Bridport Literary Festival
Sunday 29th October - A Very Special Literary Event
BILLY BRAGG – Roots, Radicals and Rockers
Against a backdrop of Cold War politics, rock and roll riots and a newly assertive generation of working-class youth, songwriter and political activist Billy Bragg charts the history, impact and legacy of skiffle – Britain’s first indigenous pop movement.
Roots, Radicals and Rockers: How Skiffle Changed the World is the first book to explore the phenomenon in depth – a meticulously researched and joyous account that explains how skiffle sparked a revolution that shaped pop music as we have come to know it.
It’s a story of jazz pilgrims and blues blowers, teddy boys and beatnik girls, coffee-bar bohemians and refugees from the McCarthyite witch-hunts. Billy traces how the guitar came to the forefront of music in the UK and led directly to the British invasion of the US charts in the 1960s.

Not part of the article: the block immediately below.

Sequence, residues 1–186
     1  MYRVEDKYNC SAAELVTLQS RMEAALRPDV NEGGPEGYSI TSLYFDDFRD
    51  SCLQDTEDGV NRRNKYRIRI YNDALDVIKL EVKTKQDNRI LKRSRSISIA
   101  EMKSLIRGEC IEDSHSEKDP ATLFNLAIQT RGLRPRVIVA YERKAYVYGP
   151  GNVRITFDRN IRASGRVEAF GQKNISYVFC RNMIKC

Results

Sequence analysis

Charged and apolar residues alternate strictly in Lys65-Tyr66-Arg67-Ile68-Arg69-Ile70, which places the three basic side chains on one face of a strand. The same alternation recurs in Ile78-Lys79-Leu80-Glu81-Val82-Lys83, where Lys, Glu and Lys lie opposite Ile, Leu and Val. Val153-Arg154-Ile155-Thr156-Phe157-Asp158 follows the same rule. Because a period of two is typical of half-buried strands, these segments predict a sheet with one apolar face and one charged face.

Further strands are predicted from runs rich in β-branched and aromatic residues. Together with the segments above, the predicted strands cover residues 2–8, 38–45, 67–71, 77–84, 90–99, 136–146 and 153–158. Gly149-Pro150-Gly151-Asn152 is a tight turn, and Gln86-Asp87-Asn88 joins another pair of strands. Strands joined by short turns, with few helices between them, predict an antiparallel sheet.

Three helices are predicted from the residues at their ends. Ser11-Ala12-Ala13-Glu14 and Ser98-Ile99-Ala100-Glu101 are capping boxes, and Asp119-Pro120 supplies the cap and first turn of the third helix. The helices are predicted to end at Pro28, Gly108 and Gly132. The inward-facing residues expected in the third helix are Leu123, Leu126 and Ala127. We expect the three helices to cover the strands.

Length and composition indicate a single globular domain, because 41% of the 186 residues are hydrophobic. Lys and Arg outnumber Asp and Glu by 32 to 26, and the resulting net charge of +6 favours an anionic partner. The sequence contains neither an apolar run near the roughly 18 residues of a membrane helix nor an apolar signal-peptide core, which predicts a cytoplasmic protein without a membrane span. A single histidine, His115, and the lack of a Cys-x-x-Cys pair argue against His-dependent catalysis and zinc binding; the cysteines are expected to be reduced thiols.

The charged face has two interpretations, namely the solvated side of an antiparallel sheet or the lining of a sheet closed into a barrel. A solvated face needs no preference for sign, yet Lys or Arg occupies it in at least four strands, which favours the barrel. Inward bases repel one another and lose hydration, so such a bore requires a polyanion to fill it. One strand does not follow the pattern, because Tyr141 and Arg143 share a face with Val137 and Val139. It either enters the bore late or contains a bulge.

Emerging from the trad-jazz clubs of the early ‘50s, skiffle was adopted by kids who were growing up during the dreary, post-war rationing years. These were Britain’s first teenagers, looking for music of their own in a pop culture dominated by crooners and mediated by a stuffy BBC. Lonnie Donegan hit the charts in 1956 with a version of Rock Island Line and soon sales of guitars rocketed from 5,000 to 250,000 a year.
Like punk rock that would flourish two decades later, skiffle was a do-it-yourself music. All you needed was the ability to play three chords on a cheap guitar and you could form a group with mates playing tea-chest bass and washboard as a rhythm section.
An early evening spent with Billy Bragg as he illustrates the music that inspired him and so many other music makers is a wonderful way to end a weekend.
In conversation with Chris Huxley